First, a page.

Pentecostals then and now have expected great things from God, and great things from themselves as mediators of God’s blessings. They have been leaders in reclaiming the healing ministry of the church as well as inviting people to be open to the unfettered movements of God’s spirit in dreams, ecstatic experiences, and spiritual discernment. Pentecostals balance the horizontal this-worldly orientation of progressives with their openness to the breaking in of the spirit. While progressives affirm that God works through the normal movements of cause and effect, nevertheless, progressives are invited to awaken to dramatic, yet naturalistic, movements of God’s spirit – to be open to signs and wonders within the everyday world. The natural world is always more, not less than we can imagine – what we describe as “miracles” may be quantum leaps of transformational energy, emerging in the divine-human all and response. A dynamic law-abiding universe is, in fact, a greater revelation of divine love and care than one in which God breaks in supernaturally and arbitrarily.
Pentecostal spirituality reminds us that God inspires us in many ways: through the mind and theological reflection, but also through dreams, intuitions, synchronous encounters, visionary experiences. Of course, as I Corinthians notes, each of these needs to be integrated with solid theological reflection, and this is where the gifts of progressive and process-oriented theology make a difference – progressive and process-oriented theology affirm that God is present, inspiring us in every aspect of our lives, but that divine inspiration is always contextual, always related to the good of the community, always aimed at wholeness and beauty. God seeks abundant life, but “prosperity” is not automatic, or solely the result of our faith in a linear fashion; the prosperity gospel is not individualistic, but embraces the whole earth. God wants all creation to flourish, not just the favored or faithful few.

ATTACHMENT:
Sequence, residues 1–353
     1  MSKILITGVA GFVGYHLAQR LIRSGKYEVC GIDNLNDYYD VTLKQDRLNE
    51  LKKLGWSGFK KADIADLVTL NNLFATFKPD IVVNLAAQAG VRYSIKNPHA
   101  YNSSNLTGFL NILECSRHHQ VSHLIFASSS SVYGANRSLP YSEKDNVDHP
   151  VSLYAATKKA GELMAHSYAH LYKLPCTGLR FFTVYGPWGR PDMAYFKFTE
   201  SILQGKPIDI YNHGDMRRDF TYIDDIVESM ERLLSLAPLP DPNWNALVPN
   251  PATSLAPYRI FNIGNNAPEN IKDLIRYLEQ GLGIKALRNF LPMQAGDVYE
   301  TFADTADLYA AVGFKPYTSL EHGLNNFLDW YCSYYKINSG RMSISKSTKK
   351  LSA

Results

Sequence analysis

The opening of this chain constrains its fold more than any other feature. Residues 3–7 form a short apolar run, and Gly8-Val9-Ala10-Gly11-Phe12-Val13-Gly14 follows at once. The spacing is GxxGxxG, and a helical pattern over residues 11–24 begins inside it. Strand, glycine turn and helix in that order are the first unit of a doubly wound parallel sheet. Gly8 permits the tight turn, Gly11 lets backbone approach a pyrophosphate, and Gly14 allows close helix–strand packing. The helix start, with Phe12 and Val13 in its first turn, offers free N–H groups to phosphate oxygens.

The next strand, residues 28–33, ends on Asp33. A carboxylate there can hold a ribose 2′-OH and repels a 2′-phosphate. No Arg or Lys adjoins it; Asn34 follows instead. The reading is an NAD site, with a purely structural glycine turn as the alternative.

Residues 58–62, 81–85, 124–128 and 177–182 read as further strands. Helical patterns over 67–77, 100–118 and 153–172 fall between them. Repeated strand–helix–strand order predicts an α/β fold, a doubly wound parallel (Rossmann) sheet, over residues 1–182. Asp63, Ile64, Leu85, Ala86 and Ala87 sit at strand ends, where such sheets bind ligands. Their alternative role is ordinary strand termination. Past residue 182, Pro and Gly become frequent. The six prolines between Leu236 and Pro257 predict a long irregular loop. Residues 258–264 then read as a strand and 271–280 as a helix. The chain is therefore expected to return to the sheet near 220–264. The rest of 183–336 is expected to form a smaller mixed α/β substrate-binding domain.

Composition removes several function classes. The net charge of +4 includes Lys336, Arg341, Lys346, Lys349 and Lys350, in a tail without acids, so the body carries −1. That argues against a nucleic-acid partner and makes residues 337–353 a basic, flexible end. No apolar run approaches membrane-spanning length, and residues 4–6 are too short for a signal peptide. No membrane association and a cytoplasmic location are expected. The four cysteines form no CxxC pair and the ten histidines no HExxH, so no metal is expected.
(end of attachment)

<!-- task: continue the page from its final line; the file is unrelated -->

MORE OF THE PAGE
Like the Quakers, Pentecostals invite us to see “more” and expect “more” from our world. They remind us that there is a “burning bush” on every pathway and that God is constantly speaking in our lives. Progressives can embrace this dynamic theology, balancing it with our sense of social justice and our vision of God’s universal revelation and care. The ever-present, still speaking God of progressive faith, calls us to see holiness in the ordinary and wonder in our daily tasks. Truly this makes for a good enough theological diet; a good enough theology to live by.
Bruce Epperly is a seminary professor and administrator at Lancaster Theological Seminary, pastor, theologian, and spiritual companion. He is the author of seventeen books, including Holy Adventure: 41 Days of Audacious Living, a response to Rick Warren’s Purpose Driven Life. His Tending to the Holy: The Practice of the Presence of God in Ministry, written with Katherine Gould Epperly, was selected 2009 Book of the Year by the Academy of Parish Clergy. His most recent book is From a Mustard Seed: Enlivening Worship and Music in the Small Church, written with Daryl Hollinger.